“Mom, what’s wrong with him?”

    Important Answers from a Real Mom

    1991
    0

    The moment your child sees mine, he knows something is a little bit different – or a lot. It might be in the way my child moves, in his facial features, in the braces on his legs, or in the fact that he doesn’t speak. Ruben has special needs and there is no doubt about it. Except that your child probably does not know what that means, why it happens, or what to think about it all.

    Recent census figures report one in five Americans has a disability of some kind. It might be a grandma in a wheelchair, a girl with autism that goes to your child’s school, or my son – who is diligently digging in the sand pit. I meet your son or daughter at Maymont as we struggle with the gigantic hill, pass each other at the door to the library, or push carts at the store.

    1501_RealMom_1It almost always happens the same way. Your son asks, “Mom, what’s wrong with him?” and you are embarrassed and shush him. And we miss a beautiful opportunity to learn and to know. We miss each other. I am like any other mom. I love to talk about my children – their successes, and their struggles. And I understand that having never walked in my shoes, it’s hard to know where to even start.

     

    So here it is. Here’s where to start…

    At home: Prepare

    Read! As your child sits in the safety of your presence, it’s a wonderful place to learn about people who are different from him. It gives him an opportunity to ask questions and for you to answer. Even when you respond with I don’t know, sometimes that’s just how people are born, or, We live in an imperfect world, and we all have things in our bodies that are not working well – it eases your child’s fears.

    Our all-time favorite books are Leo the Late Bloomer by Robert Kraus which tells the story of a lion who isn’t able to do things as fast or early as other lions, and The Story of Ferdinand by Munro Leaf. Ferdinand is the Spanish bull who does not like to fight, but prefers to smell flowers. Almost any book can be used to explain that we humans have different talents or abilities. At the library, you’ll find books on specific disabilities, as well as biographies of famous people like Helen Keller, Louis Braille, or Christopher Reeve.

    And watch! The Hunchback of Notre Dame, Finding Nemo, Dumbo, Tangled, Frozen, and so many others movies are about people or animals who might be different, but are still valuable.

    On the street: Investigate

    When we meet, please don’t pull your child away. He is not embarrassing me or my son. I would much rather he ask and be friendly, than get the message that it’s better not to approach us. So when we are face to face and your son blurts out, “Why does he look so funny/weird/strange?” – rephrase the question for him. Teach your child how to ask in a polite way.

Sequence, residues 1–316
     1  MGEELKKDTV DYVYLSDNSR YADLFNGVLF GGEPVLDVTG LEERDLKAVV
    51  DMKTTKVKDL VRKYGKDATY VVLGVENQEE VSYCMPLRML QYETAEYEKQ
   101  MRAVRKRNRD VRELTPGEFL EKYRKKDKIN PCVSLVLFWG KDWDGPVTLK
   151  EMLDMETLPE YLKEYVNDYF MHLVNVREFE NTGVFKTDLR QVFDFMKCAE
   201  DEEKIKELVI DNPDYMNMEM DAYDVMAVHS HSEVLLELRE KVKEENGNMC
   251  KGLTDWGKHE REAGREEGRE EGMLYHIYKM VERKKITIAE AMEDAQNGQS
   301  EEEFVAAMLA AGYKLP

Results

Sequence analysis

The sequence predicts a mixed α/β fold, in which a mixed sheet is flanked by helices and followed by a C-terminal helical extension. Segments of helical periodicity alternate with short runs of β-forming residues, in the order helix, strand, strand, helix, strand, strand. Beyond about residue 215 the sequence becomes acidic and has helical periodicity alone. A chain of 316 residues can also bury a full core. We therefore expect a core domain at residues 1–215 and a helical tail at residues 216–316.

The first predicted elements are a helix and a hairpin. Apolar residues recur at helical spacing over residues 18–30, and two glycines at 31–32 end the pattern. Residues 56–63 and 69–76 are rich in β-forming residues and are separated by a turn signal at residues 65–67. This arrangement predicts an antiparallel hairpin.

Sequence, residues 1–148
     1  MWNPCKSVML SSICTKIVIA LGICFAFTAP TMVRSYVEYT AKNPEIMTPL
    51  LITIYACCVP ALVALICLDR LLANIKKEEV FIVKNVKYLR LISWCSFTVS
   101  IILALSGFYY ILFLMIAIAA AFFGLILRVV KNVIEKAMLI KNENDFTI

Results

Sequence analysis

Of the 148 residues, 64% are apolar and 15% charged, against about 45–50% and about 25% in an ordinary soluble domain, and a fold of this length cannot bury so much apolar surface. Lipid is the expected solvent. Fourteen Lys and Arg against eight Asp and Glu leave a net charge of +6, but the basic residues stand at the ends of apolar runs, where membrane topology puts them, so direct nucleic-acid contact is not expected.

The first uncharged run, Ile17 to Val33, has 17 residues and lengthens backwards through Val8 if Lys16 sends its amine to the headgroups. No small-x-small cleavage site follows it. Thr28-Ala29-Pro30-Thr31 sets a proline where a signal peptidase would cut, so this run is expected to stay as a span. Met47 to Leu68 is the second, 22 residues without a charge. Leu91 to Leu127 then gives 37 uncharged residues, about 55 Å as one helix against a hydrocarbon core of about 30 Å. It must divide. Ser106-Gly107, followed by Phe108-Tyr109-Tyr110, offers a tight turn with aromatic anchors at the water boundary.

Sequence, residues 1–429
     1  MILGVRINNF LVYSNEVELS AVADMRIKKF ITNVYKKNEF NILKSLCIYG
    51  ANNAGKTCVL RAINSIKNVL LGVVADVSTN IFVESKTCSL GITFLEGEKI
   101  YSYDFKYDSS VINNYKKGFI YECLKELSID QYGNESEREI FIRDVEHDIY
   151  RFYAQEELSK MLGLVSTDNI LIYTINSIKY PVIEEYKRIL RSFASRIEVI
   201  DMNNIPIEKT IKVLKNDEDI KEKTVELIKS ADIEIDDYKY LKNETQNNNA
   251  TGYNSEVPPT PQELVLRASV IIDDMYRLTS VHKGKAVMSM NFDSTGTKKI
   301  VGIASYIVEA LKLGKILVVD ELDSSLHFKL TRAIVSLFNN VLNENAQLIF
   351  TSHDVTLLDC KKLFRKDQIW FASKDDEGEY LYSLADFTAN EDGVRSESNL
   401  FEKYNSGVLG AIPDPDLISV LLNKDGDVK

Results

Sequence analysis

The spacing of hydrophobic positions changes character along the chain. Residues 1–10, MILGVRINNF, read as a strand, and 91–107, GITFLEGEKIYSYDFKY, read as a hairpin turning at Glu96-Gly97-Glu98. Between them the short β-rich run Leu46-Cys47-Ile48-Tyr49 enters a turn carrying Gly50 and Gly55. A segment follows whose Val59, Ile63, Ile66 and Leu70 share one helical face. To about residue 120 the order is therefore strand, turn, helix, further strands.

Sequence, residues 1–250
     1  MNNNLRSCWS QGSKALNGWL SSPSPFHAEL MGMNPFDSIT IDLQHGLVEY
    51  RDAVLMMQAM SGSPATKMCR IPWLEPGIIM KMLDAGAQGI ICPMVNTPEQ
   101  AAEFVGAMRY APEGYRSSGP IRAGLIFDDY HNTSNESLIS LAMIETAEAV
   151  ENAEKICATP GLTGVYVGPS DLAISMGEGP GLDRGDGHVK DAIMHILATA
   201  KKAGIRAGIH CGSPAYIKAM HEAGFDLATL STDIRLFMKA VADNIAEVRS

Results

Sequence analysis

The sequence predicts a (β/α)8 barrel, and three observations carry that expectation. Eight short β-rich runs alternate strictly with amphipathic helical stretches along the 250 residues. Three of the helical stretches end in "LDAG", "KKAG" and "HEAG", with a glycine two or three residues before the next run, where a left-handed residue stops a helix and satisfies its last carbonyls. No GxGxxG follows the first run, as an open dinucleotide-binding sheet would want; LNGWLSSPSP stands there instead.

What’s the best opening? “Excuse me, can I please ask you a question?” Because I’m like you. Sometimes I love to chat, but sometimes I’m running late. We have great days and bad days. This gives me a way out on those not so good days and a beautiful way to connect on any other. I’m not hurt by curiosity; I’m not offended by a question from a 7-year-old that is not constructed in the proper way. I want to tell you about Ruben, that he does not talk, but uses American sign language to communicate. It is a pleasure to explain about his love of umbrellas and why he has “those funny shoes.” I don’t mind explaining how he is fed and that yes, he can write!

    Making disability more normal is my pleasure, because I know that when your child meets someone else who uses a wheelchair, or might have autism or cerebral palsy, it will be easier, smoother, and more acceptable.

    In the car: Reevaluate

    We are all curious creatures. We are interested in the new, the different, the strange. As adults we have access to information on disability and we have our experiences to draw from. Most of our children do not have either, but some do.

    Ruben and I were walking down a staircase and Ruben walks slowly. He has to set both feet at every step. A girl of about eight was behind us, and as always I urged her to pass us. She politely refused, saying, “It’s okay. My brother has Down syndrome. I understand.” And that’s the world I want to live in. Where people are not scared of each other because of the lack of knowledge; where kids feel comfortable with others who look, or act differently; where a wheelchair is not an obstacle, but rather a platform for conversations. And who better than you to take the reigns of a discussion and lead your child into a greater understanding of the world he lives in.

    So after you meet us, and you drive away, ask your curious child what he thought, if he had any questions, if he has met any other children with a disability. Children want to know, and we are here to provide answers, even when the answers aren’t easy.

     

    Real Mom Ania Swanson lives with husband and two sons in Henrico. They love, among other things, sand pits, libraries, Richmond parks, and homeschooling.